A Newly Discovered Asteroid Will Fly Past Earth this Week. Here’s how to Watch it Live for free

If you have been waiting to watch a newly discovered asteroid fly past Earth, you should get your telescopes ready as a space rock is currently heading towards our home planet. Asteroid 2023 BU which measures between 12 and 28 feet wide (3.8 to 8.5 meters) will be coming within less than 3 percent of the average distance between the moon and Earth on January 26 at 4:17 p.m. EST (2117 GMT).

It was first discovered on Saturday (January 21) by astronomer Gennadiy Borisov at the MARGO Observatory in Crimea. Astronomers studied the asteroid even further and revealed that it will reach an altitude of about 2,178 miles (3,506 kilometers) above the Earth’s surface as it conducts its close flyby. Hence, you will stand the chance of observing asteroid 2023 BU from your location, only if you have a powerful telescope.

How you can Watch the Newly Discovered Asteroid Fly Past Earth

If you have a powerful telescope to observe the asteroid, you must ensure that you must complete your setup before 4:17 p.m. EST (2117 GMT) on January 26. But if you don’t have a powerful telescope, you can still watch the asteroid 2023 BU make its close approach to Earth on Virtual Telescope Project YouTube Channel.

Astronomer Gianluca Masi will be conducting a free Livestream of the asteroid flying past earth and you can participate actively by joining the Livestream from the Virtual Telescope Project’s website or from YouTube. The Livestream will commence on January 26 at 2:15 p.m. EST (1915 GMT). Hence, if you do not have a powerful telescope, you should endeavor to join the live stream to see asteroid 2023 BU make its closest approach to our home planet.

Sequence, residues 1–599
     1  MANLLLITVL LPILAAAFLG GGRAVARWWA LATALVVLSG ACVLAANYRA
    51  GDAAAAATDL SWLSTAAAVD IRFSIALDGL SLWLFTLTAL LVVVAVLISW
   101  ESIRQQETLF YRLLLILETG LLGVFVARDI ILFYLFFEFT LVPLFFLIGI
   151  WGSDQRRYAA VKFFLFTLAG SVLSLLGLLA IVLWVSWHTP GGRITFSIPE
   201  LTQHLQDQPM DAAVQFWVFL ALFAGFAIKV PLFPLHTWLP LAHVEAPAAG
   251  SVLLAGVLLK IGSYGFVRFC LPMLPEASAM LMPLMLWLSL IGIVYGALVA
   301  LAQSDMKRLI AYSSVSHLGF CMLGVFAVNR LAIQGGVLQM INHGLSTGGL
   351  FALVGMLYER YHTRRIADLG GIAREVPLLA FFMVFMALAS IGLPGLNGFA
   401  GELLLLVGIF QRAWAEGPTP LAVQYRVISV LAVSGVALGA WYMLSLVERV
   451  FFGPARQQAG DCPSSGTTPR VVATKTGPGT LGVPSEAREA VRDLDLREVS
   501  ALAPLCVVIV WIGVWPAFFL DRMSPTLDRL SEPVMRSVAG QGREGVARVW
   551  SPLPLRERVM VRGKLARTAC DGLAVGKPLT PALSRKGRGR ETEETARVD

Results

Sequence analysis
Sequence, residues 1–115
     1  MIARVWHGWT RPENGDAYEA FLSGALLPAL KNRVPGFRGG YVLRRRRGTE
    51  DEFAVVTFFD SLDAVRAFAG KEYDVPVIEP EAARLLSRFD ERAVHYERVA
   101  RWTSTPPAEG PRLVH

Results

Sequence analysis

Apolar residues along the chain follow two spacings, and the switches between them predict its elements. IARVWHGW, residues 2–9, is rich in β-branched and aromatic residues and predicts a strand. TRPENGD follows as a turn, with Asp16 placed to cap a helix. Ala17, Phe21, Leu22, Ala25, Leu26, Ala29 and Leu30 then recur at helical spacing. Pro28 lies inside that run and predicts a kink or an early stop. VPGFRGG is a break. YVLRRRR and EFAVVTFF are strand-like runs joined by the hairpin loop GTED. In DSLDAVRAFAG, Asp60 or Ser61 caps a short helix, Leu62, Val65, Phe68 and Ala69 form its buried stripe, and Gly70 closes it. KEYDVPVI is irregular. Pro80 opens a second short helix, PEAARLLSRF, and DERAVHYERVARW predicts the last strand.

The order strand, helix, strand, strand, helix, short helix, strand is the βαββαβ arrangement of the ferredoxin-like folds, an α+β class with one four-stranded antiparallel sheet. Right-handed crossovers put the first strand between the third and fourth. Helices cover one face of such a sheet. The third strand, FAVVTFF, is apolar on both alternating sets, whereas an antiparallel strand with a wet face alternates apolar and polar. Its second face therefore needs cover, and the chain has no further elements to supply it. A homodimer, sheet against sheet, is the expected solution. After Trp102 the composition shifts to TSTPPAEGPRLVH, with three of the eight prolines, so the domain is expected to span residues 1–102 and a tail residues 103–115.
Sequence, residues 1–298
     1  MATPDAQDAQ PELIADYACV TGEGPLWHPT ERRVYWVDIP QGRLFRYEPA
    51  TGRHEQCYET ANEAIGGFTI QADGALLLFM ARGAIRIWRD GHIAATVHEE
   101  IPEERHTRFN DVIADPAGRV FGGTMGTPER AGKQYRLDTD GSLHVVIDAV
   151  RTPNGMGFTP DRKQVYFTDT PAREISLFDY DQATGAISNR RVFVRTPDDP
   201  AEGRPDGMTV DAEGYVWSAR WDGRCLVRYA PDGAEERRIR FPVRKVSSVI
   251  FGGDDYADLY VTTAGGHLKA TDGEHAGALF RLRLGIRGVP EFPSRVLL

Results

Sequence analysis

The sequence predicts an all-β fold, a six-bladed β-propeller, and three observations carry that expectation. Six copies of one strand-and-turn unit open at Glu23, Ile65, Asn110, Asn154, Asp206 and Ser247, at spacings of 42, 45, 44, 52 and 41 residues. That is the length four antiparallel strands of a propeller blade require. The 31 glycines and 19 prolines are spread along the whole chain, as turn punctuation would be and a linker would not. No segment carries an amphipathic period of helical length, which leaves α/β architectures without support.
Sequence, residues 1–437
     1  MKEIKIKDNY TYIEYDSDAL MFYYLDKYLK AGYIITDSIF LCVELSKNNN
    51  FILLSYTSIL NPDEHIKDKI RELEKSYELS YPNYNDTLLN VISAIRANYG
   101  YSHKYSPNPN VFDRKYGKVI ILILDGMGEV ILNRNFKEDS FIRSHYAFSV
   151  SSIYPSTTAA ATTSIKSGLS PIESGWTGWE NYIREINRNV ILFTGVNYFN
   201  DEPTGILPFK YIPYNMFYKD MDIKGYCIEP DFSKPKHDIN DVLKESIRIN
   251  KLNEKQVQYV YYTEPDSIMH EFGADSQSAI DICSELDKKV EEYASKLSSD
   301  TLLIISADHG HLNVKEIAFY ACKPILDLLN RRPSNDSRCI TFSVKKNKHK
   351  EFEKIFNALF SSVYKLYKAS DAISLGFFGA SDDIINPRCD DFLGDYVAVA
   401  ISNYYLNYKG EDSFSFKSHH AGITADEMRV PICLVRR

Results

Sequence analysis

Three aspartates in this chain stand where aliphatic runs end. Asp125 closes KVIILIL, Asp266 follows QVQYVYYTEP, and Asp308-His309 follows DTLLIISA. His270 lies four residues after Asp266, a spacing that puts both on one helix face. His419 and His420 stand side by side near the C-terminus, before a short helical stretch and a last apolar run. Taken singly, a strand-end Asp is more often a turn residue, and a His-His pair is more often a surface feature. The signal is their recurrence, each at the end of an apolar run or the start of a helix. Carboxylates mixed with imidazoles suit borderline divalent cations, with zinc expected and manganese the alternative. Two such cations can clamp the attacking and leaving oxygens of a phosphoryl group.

Astronomers revealed that the asteroid is still in the Ursa Major Constellation. However, its tiny size makes it difficult for skywatchers to spot the space rock from such a distance. The asteroid 2023 BU dim at magnitude 19.15. Hence, you will need a more sophisticated telescope to see it in its current location.

Astronomer Masi knew that many people will be struggling to spot the asteroid with their small telescopes. Hence, he volunteered to host the live stream to accommodate skywatchers who cannot spot the asteroid using their amateur telescope.

“Asteroid 2023 BU will have an extremely close, but safe, encounter with us, coming [within] less than 10,000 km from the Earth’s center, about 25% of the geostationary satellites’ distance,” says Masi on the project’s website.

What you should know about The Newly Discovered Asteroid 2023 BU

Asteroid 2023 BU is identified by astronomers as an Apollo-type asteroid. The Center for Near Earth Object Studies based at NASA’s Jet Propulsion Laboratory in Southern California reveals that the orbit of the asteroid crosses that of Earth, however, it still spends most of its time in space outside Earth’s path.

Scientists concluded that Asteroid 2023 BU orbits the sun every 425 days and will not make a close flyby to Earth again until December 6, 2036.

Is Asteroid 2023 BU Hazardous?

Astronomers have discovered that over 2,000 hazardous asteroids exist as near-Earth objects. However, the newly discovered asteroid 2023 BU is not classified as one of them. This is because of its small size. Even though asteroid 2023 BU will make an extremely closer approach to Earth on January 26, it will not cause any harm as it is not identified as a potentially hazardous asteroid.

In fact, its small size will make the asteroid break into smaller pieces and burns out in Earth’s Atmosphere, it will eventually impact Earth. But the good news is that asteroid 2023 BU will not impact our home planet. So, we don’t have to be afraid for any reason.

Conclusion

Asteroid 2023 BU’s closest approach to Earth on January 26 may not be noticeable in the smaller telescope. Hence, you will need a more sophisticated telescope to spot the asteroid approaching Earth.

But if you don’t have any, you should opt to join the live stream which will be hosted by a professional astronomer on January 26. We hope that you will share your experience with the asteroid with us at Future Space World.

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